Here we discuss the most popular types of landed property, and the relative attractions of each. The categories are our own, and serve to distinguish one type of house from another, even if they can all be generically called “villas”. Please allow us to reiterate that any foreigner whose Thai company is purchasing property must do things correctly, which is covered in detail in our Phuket Property Guide.
Bungalows and Bungalow Estates
The world “bungalow” originally referred to Bengali-style houses, which were typically one-storey homes with a veranda. It is a style of house which today is popular throughout the world.
Bungalows are very popular in Phuket, and the last 30 years have seen large numbers of these constructed. These are mostly found in and around Phuket Town, or in the more rural areas of the island.
There are also “bungalow estate” developments, including higher-end compounds in popular tourists areas, often with modern design concepts and sea views. Some developments are even structured to allow the bungalows to be sold to foreigners.
Bungalows today come in all shapes and sizes, and the prices can range from B3 million to B7mn, if not more.
While foreigners are allowed outright ownership of “bricks and mortar” – the physical buildings – only in very unique circumstances are they afforded the right to own land. This naturally prevents full freehold ownership of villas, bungalows, or any landed property by foreigners.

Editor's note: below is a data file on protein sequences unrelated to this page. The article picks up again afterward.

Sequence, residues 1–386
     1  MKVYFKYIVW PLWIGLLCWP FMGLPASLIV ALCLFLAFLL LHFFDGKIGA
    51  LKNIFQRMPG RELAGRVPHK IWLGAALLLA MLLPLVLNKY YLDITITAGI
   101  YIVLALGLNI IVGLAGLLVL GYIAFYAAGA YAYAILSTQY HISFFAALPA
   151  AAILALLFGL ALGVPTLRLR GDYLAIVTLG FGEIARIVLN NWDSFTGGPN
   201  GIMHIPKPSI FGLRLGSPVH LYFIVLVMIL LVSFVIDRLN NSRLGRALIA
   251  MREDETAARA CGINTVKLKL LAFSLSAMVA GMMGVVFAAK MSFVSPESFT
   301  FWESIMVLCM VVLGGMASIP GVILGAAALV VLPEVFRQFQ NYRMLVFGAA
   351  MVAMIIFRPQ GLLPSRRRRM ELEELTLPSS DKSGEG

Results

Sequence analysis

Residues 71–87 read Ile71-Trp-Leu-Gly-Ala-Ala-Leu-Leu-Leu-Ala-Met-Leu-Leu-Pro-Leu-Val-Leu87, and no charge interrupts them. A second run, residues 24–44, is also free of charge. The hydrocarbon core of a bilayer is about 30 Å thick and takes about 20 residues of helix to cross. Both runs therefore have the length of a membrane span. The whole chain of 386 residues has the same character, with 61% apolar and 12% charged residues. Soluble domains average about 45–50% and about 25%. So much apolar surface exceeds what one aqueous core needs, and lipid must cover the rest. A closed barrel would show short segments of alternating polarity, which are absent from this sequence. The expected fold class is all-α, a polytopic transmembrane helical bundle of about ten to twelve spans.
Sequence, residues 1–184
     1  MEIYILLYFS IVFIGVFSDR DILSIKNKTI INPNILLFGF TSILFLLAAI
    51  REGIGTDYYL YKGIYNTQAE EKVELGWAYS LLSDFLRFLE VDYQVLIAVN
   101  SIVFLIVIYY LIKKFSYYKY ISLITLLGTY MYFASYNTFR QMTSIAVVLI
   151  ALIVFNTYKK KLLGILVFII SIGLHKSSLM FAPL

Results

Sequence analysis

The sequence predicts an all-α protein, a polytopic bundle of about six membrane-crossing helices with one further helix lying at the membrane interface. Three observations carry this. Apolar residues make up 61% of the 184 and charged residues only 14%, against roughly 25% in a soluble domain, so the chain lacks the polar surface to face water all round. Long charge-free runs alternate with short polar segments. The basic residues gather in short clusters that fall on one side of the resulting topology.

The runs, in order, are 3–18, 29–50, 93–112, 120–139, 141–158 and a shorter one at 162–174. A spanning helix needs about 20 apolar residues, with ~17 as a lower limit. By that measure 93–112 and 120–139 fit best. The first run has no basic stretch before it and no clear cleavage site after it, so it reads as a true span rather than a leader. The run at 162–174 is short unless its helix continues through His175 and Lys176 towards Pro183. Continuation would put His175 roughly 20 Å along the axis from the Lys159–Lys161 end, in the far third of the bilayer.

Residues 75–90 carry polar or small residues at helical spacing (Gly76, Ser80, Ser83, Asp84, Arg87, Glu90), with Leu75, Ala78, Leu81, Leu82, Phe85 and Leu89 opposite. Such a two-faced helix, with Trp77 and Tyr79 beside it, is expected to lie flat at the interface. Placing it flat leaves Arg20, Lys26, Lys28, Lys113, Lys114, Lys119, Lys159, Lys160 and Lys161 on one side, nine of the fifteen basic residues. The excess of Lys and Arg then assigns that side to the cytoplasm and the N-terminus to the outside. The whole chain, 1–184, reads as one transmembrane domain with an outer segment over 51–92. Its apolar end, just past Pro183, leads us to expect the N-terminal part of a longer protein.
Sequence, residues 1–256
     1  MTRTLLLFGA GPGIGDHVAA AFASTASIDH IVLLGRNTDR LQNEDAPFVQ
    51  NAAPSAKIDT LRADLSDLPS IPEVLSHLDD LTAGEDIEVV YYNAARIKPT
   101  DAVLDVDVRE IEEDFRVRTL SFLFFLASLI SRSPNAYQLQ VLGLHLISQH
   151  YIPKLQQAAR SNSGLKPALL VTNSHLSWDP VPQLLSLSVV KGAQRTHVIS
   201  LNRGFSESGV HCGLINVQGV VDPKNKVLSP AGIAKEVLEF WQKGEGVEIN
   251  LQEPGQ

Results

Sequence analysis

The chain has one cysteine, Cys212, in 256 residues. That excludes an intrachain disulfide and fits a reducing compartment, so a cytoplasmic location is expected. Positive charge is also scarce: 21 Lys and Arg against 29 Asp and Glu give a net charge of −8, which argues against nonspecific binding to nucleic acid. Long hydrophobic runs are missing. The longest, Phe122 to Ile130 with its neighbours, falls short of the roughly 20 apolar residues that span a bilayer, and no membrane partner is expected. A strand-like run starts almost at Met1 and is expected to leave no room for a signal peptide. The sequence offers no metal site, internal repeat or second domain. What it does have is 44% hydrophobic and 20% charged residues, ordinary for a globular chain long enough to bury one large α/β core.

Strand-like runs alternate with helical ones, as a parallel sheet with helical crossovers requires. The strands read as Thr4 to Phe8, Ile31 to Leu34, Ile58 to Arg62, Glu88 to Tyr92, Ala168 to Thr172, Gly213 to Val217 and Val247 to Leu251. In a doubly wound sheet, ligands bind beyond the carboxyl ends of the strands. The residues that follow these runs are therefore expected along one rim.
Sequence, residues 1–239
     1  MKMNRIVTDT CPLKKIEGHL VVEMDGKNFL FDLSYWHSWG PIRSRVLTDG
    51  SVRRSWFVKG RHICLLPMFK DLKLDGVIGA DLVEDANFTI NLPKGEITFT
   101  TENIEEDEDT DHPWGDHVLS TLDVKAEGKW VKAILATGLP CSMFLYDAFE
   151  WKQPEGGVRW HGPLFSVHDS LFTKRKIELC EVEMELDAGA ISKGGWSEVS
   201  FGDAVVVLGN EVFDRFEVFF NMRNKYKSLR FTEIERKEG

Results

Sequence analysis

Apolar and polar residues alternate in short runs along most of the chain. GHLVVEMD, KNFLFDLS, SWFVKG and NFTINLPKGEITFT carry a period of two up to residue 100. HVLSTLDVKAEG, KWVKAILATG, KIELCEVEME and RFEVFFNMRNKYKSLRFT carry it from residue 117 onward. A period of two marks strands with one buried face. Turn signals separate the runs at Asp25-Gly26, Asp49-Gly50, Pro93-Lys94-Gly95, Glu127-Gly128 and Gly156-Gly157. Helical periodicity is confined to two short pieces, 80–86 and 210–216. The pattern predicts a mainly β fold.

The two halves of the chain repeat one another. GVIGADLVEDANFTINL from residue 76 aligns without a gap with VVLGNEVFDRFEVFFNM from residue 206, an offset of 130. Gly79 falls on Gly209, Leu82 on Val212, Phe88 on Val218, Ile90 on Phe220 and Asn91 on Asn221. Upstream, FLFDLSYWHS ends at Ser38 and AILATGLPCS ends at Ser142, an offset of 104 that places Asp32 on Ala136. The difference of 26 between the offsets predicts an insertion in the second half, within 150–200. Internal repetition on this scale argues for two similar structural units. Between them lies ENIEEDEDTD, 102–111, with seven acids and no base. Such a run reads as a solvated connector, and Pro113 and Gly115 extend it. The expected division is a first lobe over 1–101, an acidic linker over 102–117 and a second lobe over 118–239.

Any foreigner without a legitimate Thai company is advised to consider a long-term lease if they want a house a villa. But if you are looking for a villa, the options are also varied.
Villa Estates are usually quite good value for the money.
Often found inland from the beach, these tend to be gated communities (or at least walled-in), back from the major roads, and do not offer much in the way of views. These villas usually have quite stylish layouts, with a patio area and private pool.
If you want a warm weather home, these can be an affordable and convenient option, especially if you find one near to shops, restaurants, or the beach. You can get one these homes for as little as B7mn, and because villas generally rent quite well in Phuket, these can also be excellent investment properties. Sometimes developers will even offer investors an attractive rental program.